Fifth about The Seventh

Sometimes Always Never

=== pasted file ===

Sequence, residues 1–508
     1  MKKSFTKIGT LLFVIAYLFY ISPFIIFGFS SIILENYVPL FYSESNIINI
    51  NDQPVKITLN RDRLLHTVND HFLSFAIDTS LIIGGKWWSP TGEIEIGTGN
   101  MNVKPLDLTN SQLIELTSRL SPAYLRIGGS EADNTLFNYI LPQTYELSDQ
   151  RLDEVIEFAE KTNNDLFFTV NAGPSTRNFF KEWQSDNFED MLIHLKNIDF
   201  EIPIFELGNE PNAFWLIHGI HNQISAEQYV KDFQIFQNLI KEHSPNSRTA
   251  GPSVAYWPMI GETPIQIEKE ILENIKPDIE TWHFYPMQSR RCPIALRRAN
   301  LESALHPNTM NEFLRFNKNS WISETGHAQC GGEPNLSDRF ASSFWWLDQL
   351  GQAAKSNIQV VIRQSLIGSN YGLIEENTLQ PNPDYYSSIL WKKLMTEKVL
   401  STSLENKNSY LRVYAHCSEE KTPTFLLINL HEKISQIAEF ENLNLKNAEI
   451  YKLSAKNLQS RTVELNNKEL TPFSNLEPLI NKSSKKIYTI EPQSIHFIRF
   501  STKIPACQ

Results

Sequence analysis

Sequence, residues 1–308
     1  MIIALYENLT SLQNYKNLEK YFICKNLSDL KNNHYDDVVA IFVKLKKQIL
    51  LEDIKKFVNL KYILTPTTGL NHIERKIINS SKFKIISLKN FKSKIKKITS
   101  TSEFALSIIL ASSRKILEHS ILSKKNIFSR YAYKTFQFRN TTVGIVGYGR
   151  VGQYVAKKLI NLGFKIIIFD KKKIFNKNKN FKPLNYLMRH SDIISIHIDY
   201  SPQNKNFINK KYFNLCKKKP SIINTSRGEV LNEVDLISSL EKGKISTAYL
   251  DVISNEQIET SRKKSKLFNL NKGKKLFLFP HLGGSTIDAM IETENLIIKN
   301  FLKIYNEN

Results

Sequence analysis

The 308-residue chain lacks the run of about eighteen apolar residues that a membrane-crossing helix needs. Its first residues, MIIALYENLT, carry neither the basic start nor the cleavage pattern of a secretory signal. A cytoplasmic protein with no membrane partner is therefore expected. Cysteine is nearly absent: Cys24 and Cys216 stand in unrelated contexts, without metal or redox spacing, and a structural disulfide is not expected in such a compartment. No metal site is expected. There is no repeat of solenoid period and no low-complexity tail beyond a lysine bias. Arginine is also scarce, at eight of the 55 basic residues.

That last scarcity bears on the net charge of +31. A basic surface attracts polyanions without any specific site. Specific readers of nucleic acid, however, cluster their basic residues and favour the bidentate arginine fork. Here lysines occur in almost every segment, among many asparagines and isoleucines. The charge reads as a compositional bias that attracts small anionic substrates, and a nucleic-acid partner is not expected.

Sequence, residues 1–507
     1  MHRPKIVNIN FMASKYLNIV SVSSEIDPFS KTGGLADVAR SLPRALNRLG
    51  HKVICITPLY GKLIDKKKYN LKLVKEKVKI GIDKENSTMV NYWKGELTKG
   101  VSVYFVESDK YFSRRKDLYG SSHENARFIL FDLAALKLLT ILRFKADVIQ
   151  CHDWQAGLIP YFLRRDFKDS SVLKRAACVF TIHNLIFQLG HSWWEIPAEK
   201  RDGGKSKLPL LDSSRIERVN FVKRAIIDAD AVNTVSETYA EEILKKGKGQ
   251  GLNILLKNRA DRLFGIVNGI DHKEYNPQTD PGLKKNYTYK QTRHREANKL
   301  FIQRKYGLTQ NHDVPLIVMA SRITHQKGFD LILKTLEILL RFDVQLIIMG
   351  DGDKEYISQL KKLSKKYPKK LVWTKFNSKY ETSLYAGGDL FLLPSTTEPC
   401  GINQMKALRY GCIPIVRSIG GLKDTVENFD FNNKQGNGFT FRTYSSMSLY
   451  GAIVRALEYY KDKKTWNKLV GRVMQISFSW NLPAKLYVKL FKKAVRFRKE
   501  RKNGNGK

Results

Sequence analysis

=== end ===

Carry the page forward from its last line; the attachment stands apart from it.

Sometimes Always Never: quite a lot of Carl Hunter’s little drama is stylized: its aesthetics, the quirks of the characters, their main hobby, the lightly comic dialogue. The pain, however, is palpable: that of the patriarch haunted by the disappearance of his eldest; that of his youngest, who gets relegated to irrelevance just because he’s actually there. They are both damaged characters, who know a lot of words but seem to have no idea how to use them. Bill Nighy, as the father, plays it very quiet and straight; Sam Riley is gentle, eternally patient, and hopeful; it’s a fine pair of moving performances, complemented by the supporting cast working in the same quiet key. The distinctive visuals of the film start with the colorful production design, by Tim Dickel, captured by the camerawork of cinematographer Richard Stoddard.

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